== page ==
On February 28, 2022, Next Century Cities shared letters with governors across all 50 states supporting a renewed commitment to digital inclusion and broadband investments enabled by the Infrastructure Investment and Jobs Act (“IIJA”).
The IIJA, passed by Congress and signed by President Biden in November 2021, allocated $1.2 trillion for federal, state, local, and Tribal projects to develop new and update aging infrastructure – roads, bridges, and broadband – from coast to coast.
Within the $1.2 trillion, $65 billion is reserved to specifically support broadband access and adoption projects at the state and local levels. Of that funding, $45.45 billion will be distributed by the National Telecommunications and Information Administration (“NTIA”) to the states, Washington, D.C., and the territories. The Broadband Equity, Access, and Deployment (“BEAD”) program will first distribute money to support planning and mapping. Once that phase is complete, states and localities can apply for additional funding to complete projects that target the most disconnected communities.
The level of responsibility given to governors and state agencies as part of this new generation of broadband investment is immense. Recognizing that the most effective funding strategies reflect community-level insights, Next Century Cities sent letters to governors nationwide highlighting the importance of including local perspectives when developing IIJA funded plans.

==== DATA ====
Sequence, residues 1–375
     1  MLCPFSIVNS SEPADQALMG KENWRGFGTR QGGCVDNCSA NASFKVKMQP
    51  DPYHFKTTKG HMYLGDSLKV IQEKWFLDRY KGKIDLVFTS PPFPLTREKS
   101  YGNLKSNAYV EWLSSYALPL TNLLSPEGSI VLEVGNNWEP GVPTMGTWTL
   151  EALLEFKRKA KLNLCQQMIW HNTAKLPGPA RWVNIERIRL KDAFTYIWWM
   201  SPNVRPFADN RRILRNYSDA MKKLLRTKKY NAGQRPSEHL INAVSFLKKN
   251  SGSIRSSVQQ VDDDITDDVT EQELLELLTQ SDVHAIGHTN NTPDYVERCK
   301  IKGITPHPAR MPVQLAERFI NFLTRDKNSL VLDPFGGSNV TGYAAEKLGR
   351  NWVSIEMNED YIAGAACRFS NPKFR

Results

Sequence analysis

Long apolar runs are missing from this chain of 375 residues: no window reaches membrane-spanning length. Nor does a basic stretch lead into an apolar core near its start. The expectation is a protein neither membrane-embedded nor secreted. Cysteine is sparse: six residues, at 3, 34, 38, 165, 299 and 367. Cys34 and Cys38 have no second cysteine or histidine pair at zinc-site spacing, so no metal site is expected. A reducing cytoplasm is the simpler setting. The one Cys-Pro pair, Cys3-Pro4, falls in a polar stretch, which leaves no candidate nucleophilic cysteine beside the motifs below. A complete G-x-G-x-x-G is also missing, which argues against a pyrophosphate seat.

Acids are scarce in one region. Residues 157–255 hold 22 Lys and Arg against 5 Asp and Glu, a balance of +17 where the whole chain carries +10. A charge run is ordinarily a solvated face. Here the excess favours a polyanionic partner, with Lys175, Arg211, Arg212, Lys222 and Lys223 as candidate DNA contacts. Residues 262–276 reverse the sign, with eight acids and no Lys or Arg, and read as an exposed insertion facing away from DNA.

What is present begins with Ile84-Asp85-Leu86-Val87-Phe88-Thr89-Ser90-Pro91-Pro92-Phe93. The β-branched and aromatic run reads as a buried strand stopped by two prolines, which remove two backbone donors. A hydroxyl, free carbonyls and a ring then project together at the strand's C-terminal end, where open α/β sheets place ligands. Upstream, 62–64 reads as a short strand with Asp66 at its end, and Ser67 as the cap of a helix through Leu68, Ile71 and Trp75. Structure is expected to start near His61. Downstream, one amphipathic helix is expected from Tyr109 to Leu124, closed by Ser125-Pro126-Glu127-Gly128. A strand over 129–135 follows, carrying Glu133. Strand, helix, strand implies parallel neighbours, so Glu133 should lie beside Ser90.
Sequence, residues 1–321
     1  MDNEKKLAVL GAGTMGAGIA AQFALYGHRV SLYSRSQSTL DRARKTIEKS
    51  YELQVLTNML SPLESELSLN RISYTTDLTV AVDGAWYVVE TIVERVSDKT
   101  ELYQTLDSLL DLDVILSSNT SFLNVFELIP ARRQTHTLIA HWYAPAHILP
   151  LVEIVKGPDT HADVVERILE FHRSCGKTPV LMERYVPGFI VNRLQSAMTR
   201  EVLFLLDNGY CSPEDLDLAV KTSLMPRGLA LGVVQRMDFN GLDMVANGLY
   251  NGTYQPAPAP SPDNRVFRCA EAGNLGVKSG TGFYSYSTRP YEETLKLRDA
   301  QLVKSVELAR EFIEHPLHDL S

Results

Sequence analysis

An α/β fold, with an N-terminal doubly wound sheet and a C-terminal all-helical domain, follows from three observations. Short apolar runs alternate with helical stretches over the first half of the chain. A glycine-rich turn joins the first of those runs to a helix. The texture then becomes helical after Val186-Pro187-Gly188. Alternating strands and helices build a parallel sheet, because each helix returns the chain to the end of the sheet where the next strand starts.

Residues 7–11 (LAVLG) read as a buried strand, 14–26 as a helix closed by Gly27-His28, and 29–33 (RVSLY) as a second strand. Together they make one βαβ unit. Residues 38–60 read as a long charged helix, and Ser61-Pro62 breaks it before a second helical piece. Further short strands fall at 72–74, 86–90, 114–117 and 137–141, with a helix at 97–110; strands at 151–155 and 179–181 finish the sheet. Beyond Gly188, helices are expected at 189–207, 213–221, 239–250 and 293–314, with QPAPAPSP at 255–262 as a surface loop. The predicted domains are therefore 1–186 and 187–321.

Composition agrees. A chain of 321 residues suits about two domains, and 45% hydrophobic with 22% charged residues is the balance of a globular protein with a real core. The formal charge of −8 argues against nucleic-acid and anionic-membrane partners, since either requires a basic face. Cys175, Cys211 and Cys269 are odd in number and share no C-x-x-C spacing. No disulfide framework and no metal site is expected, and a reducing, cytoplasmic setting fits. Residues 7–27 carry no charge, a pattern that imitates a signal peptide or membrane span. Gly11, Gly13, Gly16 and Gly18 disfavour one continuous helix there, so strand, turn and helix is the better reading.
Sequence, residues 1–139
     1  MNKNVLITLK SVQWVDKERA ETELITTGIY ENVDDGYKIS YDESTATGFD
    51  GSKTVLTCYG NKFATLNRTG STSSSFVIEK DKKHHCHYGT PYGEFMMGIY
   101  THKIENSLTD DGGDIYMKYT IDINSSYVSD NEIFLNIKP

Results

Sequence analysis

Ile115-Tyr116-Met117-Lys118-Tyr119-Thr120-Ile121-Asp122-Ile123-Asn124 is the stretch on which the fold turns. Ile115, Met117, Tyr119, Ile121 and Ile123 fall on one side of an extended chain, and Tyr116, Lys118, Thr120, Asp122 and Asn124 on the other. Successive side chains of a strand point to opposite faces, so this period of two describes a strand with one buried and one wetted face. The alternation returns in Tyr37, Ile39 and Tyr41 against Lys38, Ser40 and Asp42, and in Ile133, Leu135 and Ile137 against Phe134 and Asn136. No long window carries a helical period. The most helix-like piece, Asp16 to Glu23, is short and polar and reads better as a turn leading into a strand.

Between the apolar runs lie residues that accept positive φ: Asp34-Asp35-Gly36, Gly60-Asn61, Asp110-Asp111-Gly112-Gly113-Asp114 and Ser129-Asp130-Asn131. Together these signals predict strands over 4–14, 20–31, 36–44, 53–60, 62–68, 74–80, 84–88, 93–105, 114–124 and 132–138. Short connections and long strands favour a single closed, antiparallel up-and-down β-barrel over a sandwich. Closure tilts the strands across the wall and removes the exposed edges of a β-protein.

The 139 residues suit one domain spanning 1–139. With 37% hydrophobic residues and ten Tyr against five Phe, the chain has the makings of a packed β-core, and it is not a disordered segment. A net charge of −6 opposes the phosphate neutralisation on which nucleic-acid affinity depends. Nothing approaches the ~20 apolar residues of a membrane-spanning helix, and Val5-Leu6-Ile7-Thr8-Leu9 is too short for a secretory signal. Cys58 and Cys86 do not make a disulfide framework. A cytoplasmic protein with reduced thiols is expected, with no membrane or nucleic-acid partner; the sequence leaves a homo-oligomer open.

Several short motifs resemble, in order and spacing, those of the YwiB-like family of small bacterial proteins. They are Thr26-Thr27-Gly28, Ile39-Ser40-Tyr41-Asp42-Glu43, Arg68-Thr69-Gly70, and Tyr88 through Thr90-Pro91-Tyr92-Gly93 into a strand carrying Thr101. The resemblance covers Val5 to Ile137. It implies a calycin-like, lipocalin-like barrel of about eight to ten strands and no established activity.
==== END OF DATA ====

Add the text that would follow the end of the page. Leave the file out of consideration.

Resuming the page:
As states develop roadmaps to administer grant funding and implement connectivity plans, they must prioritize relationships with local and Tribal leaders at the outset. Often, an underlying assumption exists that local governments already benefit from robust and open lines of communication with state officials, but this is not always the case. Competing priorities, a lack of easily accessible information, and limited local resources can create barriers to engagement when the stories of municipalities should be at the forefront.
Municipalities understand the far-reaching consequences when residents lack broadband access or cannot afford the subscription price. They also tackle the persistent and growing problem of inaccurate broadband data at the federal and state levels. Local governments will be critical partners in developing maps that are quantitatively accurate and represent the authentic and timely needs of residents.
We reiterated to our state partners that they must take the lead in advocating for their residents and developing consumer-focused broadband programs. States are distinctively positioned to bolster local efforts, expanding initiatives’ impact far beyond the strides that any single community can make on its own.
Together, local communities, tribal governments, and state leaders can take full advantage of this once-in-a-generation investment in the future of our Internet. Check out our letters below.